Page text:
Marketers balk at price: Nielsen faces obstacles in Apollo launch

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Project Apollo-an ambitious effort to measure marketing return on investment by merging data on consumer media exposure and purchases-could be stalled on the launch pad as a seven-figure price tag keeps marketers at bay.

Four months after the plan's announcement and nearly three months after a summit of senior marketing executives in Cincinnati, partners Arbitron and VNU's ACNielsen have yet to secure commitments from marketers other than charter client and co-developer Procter & Gamble Co.

Delays in getting marketers on board could push the launch, originally planned for some time this year, into 2006, said Thom Mocarsky, VP-communications for Arbitron. "We would like a commitment up front, but the financial obligation doesn't begin until the service delivers."

Setting at least a loose deadline for commitments in a conference call with analysts last week, Arbitron President-CEO Stephen Morris said: "This is not something we are going to spend a couple of years fooling around with."

Apollo would create a panel of 30,000 consumers nationwide equipped with Arbitron's Portable People Meters to track signals from TV, radio, movie, outdoor, in-store and possibly even print advertising. Panelists would also use home scanners provided by ACNielsen to track their purchases, providing the most complete data ever on how marketing drives sales.

Apollo backers have met with about 50 "C level" executives both in a November summit hosted by P&G and individual sales calls around the country. "We've got lots of interest, but also lots of questions, which we're spending some time getting back to," said Mr. Mocarsky. Those questions come not just from package-goods marketers used to buying scanner and panel data to track sales but also from pharmaceutical, automotive, financial, restaurant and other marketers.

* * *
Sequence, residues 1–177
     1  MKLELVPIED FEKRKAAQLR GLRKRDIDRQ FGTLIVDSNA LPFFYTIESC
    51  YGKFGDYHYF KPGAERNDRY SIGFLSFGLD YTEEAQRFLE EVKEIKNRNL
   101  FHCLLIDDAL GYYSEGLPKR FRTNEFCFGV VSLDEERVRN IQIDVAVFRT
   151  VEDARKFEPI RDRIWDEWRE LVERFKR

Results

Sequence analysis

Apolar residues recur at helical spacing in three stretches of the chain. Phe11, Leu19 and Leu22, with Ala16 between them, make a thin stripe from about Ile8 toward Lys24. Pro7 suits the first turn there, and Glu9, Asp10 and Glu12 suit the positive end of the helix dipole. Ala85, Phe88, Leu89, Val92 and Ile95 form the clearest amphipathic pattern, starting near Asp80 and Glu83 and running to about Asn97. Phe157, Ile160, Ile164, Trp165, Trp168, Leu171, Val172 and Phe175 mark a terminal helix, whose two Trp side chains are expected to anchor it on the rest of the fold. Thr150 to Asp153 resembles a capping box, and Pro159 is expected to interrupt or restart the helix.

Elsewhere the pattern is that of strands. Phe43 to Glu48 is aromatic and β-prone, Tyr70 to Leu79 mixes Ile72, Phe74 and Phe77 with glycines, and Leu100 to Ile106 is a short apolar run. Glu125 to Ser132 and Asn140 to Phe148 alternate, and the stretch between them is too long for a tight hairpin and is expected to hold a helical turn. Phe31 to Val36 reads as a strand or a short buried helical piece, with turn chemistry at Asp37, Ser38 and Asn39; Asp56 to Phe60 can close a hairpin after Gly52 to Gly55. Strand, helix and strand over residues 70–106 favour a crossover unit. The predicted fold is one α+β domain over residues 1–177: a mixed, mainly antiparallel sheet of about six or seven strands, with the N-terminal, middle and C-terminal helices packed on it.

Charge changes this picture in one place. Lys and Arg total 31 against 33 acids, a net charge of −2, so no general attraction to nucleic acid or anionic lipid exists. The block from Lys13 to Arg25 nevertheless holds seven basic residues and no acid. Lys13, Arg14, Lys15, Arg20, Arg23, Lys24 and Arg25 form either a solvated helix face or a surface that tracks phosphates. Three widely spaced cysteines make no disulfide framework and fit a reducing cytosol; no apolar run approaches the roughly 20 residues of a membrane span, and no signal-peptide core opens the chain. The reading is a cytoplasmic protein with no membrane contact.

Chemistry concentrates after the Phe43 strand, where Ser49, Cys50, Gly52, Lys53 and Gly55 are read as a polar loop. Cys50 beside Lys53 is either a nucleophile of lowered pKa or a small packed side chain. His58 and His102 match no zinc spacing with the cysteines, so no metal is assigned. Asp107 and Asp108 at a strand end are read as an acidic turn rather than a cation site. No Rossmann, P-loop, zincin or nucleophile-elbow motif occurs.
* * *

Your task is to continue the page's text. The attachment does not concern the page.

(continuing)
sticker shock

The price tag, however, is causing sticker shock, said one executive familiar with Apollo. Apollo backers want marketers to commit 0.5% of their marketing budgets to the service-amounting to $1 million or more for most.

Reluctance by even package-goods marketers to close deals does not bode well for other industries, the executive familiar with Apollo said. Though Apollo would be a substantial improvement over existing ROI tools, he said marketers can buy two dozen or more marketing-mix analyses annually for the same price.

Apollo is seeking total commitments of "considerably less" than $100 million cited by the executive, Mr. Mocarsky said, though he did not specify a number.

"We are trying to understand whether we are going to be able to get the kind of value [from Apollo] that will help us deliver better results," said Derek Gordon, VP-marketing of Clorox Co., in an interview last month. "There's a lot of value if it really delivers."

Kimberly-Clark Corp. Chairman-CEO Thomas J. Falk likewise said in an interview last month that his company is interested in but still evaluating Apollo.

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